rich she was in horses, how rich in broidered garments and in gold
Lady Ongar repeats this thought to herself as she sits alone, trying to convince herself that all her struggles against her late husband and his family have paid off. In a way, she has already won a battle because she has secured Lord Ongar’s estate as her own; however, she must now fight society to restore her reputation. Trollope’s representation of Julia’s train of thought uses a translation of Vergil’s description of Turnus as he marches to war in the Aeneid. Just as riches were not enough to ultimately save Turnus, Lady Ongar knows that merely winning the estate is not enough to win her respect in the community. [SH & RR 2012]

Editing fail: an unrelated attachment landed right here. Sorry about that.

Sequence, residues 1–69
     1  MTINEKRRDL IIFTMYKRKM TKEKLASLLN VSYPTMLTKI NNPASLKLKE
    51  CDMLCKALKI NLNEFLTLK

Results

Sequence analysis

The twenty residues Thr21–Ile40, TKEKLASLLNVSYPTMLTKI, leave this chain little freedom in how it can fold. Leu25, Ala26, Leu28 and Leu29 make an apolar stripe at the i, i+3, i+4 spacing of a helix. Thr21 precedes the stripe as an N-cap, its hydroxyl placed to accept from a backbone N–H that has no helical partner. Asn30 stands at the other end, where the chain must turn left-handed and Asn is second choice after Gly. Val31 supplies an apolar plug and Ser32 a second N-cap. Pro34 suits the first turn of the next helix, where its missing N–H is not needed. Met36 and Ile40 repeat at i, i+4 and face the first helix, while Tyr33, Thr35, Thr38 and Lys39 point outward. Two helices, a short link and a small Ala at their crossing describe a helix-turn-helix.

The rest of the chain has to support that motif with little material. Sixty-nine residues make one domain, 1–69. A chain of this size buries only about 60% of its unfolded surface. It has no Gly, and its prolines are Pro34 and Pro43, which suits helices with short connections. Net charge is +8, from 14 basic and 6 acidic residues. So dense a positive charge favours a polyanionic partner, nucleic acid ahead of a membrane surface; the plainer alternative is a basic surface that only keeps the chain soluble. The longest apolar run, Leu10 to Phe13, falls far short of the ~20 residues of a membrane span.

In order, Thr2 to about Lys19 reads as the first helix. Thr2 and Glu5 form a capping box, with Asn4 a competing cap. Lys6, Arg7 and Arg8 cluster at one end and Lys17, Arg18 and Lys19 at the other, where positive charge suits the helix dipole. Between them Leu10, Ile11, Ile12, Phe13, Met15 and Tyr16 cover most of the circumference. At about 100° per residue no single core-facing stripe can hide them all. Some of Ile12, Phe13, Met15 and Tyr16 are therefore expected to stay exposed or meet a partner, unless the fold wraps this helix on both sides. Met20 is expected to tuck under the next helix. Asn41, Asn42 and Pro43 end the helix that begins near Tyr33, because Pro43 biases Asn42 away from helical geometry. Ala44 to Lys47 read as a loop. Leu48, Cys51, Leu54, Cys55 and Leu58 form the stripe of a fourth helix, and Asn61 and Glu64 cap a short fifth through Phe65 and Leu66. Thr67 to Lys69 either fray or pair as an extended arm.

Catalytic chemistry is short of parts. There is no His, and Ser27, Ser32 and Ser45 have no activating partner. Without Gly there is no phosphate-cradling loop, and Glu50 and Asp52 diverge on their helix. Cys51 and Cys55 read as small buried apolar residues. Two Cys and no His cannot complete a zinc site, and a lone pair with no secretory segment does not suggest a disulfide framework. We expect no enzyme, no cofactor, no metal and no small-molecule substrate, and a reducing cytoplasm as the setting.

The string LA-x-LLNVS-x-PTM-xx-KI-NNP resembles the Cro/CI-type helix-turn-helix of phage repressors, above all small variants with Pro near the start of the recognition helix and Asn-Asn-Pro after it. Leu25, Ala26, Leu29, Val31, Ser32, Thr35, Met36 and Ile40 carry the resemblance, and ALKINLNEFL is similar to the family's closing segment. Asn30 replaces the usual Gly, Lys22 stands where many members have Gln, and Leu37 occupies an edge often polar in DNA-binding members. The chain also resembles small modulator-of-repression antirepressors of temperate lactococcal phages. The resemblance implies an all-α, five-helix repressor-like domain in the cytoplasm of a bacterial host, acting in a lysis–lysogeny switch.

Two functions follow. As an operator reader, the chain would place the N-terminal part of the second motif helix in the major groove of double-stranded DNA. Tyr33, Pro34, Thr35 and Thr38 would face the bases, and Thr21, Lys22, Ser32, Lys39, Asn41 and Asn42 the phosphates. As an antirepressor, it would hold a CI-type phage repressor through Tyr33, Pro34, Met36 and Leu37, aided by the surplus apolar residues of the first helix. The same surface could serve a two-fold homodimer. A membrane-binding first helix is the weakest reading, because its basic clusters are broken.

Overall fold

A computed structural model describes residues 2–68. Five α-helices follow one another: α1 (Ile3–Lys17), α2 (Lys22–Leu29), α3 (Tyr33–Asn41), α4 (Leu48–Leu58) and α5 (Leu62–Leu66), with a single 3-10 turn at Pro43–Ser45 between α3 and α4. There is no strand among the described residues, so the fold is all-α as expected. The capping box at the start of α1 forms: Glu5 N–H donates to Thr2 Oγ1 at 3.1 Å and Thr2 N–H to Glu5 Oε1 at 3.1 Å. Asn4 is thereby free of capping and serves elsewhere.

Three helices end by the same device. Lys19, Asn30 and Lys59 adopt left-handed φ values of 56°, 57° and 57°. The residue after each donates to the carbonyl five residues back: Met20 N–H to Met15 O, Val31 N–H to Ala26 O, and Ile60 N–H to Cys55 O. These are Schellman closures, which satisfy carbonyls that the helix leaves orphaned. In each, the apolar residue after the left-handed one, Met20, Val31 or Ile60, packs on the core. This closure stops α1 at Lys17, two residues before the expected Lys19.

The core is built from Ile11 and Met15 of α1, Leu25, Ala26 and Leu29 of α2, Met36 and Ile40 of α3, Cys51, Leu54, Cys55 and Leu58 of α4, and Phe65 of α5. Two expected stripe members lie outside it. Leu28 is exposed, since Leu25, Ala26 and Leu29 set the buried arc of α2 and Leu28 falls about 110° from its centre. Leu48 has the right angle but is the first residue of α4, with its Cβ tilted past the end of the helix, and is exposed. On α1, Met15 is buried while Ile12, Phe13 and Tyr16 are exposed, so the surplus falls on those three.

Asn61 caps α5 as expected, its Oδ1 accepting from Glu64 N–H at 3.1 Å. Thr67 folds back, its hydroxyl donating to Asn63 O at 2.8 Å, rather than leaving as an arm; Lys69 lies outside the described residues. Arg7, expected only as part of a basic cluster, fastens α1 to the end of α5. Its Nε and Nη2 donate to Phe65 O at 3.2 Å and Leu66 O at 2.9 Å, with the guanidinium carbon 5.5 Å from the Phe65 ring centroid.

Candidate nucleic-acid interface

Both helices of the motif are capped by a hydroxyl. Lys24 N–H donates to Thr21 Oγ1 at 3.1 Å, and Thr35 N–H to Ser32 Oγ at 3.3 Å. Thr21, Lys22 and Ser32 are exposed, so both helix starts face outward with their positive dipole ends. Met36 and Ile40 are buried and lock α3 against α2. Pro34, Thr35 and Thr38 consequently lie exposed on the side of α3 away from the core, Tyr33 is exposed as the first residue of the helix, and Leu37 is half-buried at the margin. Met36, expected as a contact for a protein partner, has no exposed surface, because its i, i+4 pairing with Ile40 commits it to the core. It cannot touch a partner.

Source: Vergil, Aeneid 9.26.